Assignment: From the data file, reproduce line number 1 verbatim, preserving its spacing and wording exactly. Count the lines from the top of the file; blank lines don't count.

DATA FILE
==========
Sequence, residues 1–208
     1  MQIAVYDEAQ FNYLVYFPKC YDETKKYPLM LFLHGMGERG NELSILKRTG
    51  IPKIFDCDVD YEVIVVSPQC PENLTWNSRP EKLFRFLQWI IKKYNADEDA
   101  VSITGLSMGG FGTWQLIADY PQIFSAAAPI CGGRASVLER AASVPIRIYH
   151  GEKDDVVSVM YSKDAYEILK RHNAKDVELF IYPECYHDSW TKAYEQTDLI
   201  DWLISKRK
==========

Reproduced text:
Sequence, residues 1–208